COLUMN: Don’t be afraid to come out
At 15 years old, a few of my friends began ‘experimenting’ and being curious with one another, as most preteens are.
For me, this innocent curiosity turned into something more.
I became very attracted to a senior transfer student who joined the cheerleading team, and we quickly became more than friends.
At the time, I didn’t think anything of it. I didn’t feel differently, I didn’t think differently, I was still me. I was attracted to a cute blonde cheerleader and went to football games to cheer her on instead of the players on the field.
Until she cheated on me.
I was devastated. My first girlfriend, who was also the first person I had ever kissed, broke my heart into pieces and resulted in me playing The Spill Canvas on repeat for weeks on end.
Was this only an experiment like all my other friends claimed it was? Or, was I really attracted to women?
My questions were answered the following spring, in the form of an attractive red head who I fell head over heels for (we are no longer together today, but remain close friends).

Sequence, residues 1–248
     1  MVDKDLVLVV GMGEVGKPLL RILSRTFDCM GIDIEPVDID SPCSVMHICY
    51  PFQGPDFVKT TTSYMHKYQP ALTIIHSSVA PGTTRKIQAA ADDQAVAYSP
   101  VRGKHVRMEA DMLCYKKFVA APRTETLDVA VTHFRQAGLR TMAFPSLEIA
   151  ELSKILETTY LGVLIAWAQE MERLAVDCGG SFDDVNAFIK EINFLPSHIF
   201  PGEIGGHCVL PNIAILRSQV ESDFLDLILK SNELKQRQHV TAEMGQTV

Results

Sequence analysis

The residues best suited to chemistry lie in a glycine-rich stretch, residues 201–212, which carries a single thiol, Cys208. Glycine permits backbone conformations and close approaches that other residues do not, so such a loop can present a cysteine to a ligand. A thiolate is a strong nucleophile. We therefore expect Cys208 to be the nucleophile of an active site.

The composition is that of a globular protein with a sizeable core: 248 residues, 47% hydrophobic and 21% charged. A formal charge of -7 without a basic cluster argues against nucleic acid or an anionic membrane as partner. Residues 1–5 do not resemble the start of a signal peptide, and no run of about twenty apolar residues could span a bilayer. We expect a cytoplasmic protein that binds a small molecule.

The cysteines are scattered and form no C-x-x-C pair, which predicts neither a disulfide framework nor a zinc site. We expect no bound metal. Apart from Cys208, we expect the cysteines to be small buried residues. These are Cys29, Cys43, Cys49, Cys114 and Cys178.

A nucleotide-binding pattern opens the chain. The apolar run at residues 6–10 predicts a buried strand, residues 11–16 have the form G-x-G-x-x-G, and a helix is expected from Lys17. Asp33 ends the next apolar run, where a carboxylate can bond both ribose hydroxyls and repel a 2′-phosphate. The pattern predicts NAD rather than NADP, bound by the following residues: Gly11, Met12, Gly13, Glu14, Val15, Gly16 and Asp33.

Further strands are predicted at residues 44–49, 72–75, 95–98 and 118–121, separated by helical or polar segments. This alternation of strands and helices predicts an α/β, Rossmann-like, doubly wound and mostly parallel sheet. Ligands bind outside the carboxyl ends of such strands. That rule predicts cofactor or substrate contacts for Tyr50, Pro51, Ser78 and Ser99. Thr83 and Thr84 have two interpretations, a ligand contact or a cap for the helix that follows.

We began dating in secret, as her family was very conservative. I was raised in the Catholic church and didn’t know how my parents would react., either. We slept over at each other’s houses, went to movies and I accompanied her almost every Saturday as she spent endless hours at the mall trying on shoes. I was happy with my new girlfriend, in control of my feelings and my life, and considered telling my parents Robin and I were more than friends.
But then my mom came out for me.
I remember the car ride home from dropping Robin off as if it had happened yesterday. She had spent the night at my house, and I rode with my mom to bring her home in the morning.
We pulled out of the driveway, and I could tell my mom was trying to say something to me. She and I share the same sense of humor, and as she stopped at a stop sign, she turned to me and said, “At least we don’t have to worry about unplanned pregnancies.”
I sat in shock.
She followed up and said, “I know you’re gay, and it’s OK. I still love you.”
One of my aunts is gay, as well as one of my mom’s uncles. My mom grew up with her older sister and saw the negativity she experienced in the 1970s and 80s when being out wasn’t as accepted as it is now, so she could understand why I was hesitant in saying anything. My mom reinforced the fact that being gay doesn’t change who you are; you can’t change it, but that you do need to learn to love and accept yourself, no matter who you’re attracted to.
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